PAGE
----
Ken E. Mitchell, PhD

Associate Professor

PhD, Oxford University

Office: Bey Hall, Room 246

Phone: (732) 263-5893

Email: kmitchel@monmouth.edu

Fall 2014 Office Hours:

Tuesday 10:00AM - 12:00PM
Wednesday 11:30AM  12:30 PM

 

Fall 2014 Courses:

PS 101: Introduction to Political Science: Power and Globalization

PS 398: Military Governments and Coups

Regularly Taught Courses:

PS-101: Intro to Political Science

PS 281: International Relations

PS 275: Latin American Politics

PS 398: Argentine Politics

About:

Professor Mitchell studied Economics as an undergraduate at the University of California (Santa Cruz) and as a graduate student at the London School of Economics. He completed a PhD in Politics at Oxford University. His published research and teaching interests focus on Latin America, and he organizes departmental trips for MU students to Buenos Aires, Argentina and Oxford, UK.

Research Interests:

Latin American Politics and Political Economy, Globalization and Social Policy, Constitutional Change and Party System Development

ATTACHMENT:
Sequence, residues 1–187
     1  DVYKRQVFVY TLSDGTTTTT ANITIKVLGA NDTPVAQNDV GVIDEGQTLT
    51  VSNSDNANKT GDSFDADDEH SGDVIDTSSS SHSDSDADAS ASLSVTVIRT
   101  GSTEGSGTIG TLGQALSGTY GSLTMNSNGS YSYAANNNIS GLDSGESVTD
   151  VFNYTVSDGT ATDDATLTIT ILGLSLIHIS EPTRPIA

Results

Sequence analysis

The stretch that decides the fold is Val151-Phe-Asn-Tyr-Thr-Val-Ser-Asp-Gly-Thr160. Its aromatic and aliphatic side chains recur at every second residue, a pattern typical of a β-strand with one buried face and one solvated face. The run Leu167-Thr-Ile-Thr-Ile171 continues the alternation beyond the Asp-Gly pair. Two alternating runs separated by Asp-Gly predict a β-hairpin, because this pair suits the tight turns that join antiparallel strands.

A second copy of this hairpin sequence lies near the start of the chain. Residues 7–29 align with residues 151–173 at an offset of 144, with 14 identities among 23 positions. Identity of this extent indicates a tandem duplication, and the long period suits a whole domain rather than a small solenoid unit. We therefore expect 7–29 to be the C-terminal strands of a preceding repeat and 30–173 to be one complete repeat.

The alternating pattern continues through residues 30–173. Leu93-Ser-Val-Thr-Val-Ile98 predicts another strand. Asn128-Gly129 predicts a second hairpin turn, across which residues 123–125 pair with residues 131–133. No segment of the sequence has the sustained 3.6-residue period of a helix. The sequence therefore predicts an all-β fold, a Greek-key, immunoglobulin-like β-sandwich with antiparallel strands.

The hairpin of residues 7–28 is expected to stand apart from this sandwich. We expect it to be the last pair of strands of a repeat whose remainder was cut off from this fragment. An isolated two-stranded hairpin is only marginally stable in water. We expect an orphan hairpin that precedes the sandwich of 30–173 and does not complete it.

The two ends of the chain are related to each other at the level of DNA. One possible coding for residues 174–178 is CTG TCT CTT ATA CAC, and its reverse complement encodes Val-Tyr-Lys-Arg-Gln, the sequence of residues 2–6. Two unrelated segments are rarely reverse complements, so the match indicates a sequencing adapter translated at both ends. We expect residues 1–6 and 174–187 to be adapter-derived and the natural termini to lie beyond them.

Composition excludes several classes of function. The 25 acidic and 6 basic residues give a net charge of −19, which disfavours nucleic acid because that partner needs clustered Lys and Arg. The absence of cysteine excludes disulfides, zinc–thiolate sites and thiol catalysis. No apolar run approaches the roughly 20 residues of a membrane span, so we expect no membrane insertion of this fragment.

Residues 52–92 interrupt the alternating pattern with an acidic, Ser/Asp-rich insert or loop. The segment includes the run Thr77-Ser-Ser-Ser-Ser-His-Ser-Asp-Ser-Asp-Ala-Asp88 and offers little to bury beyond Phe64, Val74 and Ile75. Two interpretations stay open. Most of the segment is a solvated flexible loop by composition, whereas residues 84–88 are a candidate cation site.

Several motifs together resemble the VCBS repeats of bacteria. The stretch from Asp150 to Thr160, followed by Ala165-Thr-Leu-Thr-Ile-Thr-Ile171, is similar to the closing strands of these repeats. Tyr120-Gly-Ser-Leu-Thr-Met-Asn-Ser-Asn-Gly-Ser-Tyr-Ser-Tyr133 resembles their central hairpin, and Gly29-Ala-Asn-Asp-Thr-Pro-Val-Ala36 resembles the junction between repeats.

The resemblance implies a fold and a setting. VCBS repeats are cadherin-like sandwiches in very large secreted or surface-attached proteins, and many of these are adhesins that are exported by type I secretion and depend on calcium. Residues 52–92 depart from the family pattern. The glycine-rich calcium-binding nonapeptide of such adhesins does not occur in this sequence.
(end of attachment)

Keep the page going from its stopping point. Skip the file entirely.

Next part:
Selected Works:

Scholarly Articles:

State-Society Relations in Mexico, Ashgate Ltd: London. 2001

“Models of Clientelism and Policy Change: The Case of Conditional Cash Transfer Programmes in Mexico and Brazil” written with Aaron Ansell (Virginia Tech University), Bulletin of Latin American Research, Volume 30, Issue 3, pp.298-312.

“Democratization, External Exposure and State Food Distribution in the Dominican Republic” – Peer reviewed article, Bulletin of Latin American Research (BLAR), Vol.28, No. 2 (March) 2009

“Bridging the Convergence-Divergence Policy Diffusion Divide,Mid-range Theorizing and Devolving Food Aid in Mexico and the Dominican Republic” The Latin Americanist, Vol. 50, No. 2, Summer 2007, pp.59-82.

“Building State Capacity: Reforming Mexican State Food Aid Programs in the 1990s” Journal of Oxford Development Studies, November-December, Vol. 33, No. 3&4, 2005, pp.377-390

“Building State Capacity: Reforming Mexican State Food Aid Programs in the 1990s” Journal of Oxford Development Studies, November-December, Vol. 33, No. 3&4, 2005, pp.377-390